And so, under the fogeys’ direction, Britain’s new garden districts will likely use all kinds of baroque devices to inconvenience cars and those who drive them as much as possible. Sensing trouble, a recent report from Create Streets titled Move Free urged their more fire-eating colleagues in local government and urban design not to “wage a war against motorists”. It has even argued that “15-minute cities” need not necessarily mean restrictions on transport. But having conceded the principle that a person’s right to go where they please is less important than communal and climate solidarity, it’s difficult to see how these things could ever be separable in practice.

What’s more, it’s nonsense to suppose that things like walking, cycling, and public transport are somehow more in communion with traditional patterns of life. For the original owners of the Georgian terraces that are now to be aped, the main way of getting around was the carriage or the horse: in other words, an individualist if not aristocratic form of transport in which free movement was taken for granted. Most townhouses from this era came equipped with an outside scraper to wipe off muddy riding boots. Which, then, is more in keeping with the society that produced these buildings in the first place: the car or the bollarded sham piazza?

Second is the determination to turn every urban environment into a sort of market square. One shibboleth of urban planning is that demand rises to meet supply, and so constructing new road capacity for cars is self-defeating. This is not an insight that is ever applied to pedestrians. By assigning large stretches of these new neighbourhoods exclusively to walkers, the young fogeys will simply encourage more foot congestion, which can be just as bad as traffic.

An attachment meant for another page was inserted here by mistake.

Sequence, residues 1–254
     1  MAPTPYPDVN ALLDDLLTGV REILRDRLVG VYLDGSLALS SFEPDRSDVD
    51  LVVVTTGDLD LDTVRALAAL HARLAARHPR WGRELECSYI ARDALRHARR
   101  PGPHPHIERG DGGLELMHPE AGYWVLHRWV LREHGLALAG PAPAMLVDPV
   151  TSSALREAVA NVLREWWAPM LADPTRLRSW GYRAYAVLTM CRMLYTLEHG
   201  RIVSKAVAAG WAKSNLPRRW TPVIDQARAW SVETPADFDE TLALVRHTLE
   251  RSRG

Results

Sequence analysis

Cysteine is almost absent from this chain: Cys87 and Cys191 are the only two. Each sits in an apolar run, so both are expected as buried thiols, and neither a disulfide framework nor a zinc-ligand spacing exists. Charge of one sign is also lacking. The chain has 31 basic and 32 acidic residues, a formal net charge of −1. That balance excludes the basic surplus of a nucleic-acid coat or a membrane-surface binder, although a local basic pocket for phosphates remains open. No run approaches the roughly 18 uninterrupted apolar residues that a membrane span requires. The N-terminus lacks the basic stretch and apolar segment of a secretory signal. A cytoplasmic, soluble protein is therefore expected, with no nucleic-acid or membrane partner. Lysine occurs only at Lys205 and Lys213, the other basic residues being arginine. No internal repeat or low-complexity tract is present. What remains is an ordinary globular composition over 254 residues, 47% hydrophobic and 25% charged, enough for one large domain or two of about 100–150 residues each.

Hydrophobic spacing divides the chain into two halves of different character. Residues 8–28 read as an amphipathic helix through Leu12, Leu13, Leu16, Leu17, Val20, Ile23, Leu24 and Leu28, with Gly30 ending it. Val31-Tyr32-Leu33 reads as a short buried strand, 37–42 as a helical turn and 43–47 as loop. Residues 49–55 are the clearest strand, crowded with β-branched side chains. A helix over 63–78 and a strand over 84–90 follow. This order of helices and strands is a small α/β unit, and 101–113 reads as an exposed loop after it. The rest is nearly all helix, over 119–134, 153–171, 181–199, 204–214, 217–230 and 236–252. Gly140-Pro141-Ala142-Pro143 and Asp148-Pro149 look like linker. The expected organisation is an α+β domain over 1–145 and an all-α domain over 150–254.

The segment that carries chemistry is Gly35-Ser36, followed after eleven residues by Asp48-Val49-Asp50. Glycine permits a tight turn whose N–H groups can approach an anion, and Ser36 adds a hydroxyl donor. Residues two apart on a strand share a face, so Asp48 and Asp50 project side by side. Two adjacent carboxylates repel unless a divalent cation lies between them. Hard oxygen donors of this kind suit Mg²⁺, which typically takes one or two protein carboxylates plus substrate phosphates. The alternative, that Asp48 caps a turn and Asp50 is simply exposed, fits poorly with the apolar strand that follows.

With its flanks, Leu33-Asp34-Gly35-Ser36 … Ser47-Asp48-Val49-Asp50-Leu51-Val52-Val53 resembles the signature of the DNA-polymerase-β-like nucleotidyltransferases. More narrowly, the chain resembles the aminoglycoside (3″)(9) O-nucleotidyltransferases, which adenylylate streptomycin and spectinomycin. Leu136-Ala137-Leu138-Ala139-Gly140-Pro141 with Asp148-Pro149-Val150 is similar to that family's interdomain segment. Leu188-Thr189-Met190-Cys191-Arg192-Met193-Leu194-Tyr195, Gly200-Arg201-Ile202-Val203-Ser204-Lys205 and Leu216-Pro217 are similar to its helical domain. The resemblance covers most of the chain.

Walkability for its own sake is the fastest way to kill a real place and turn it into an extended playground for who knows what. By turning the surrounding area into a permanent mandatory funzone it has ruined the Southbank Centre, just as it will surely ruin Soho if the demands to de-car it are ever met. Pedestrianisation is well underway in the City of London, and if left unchecked it will transform what is a stately place of business into the same theme-park melange.

Again, this has nothing to do with old-school ways of living, and it will do nothing to recreate, say, the gentle society of garden squares in places like Marylebone and Chelsea. These societies, these places, all recognised the need for exclusive areas of quiet and seclusion from the wider world — in other words, the willingness to tell people to get lost. Too often, “human-scaled” development turns out simply to mean teeming humanity everywhere, at all hours, and from which there is no privacy: once again, young fogeyism as applied here succeeds only in recreating what could often be so dreadful about traditional societies.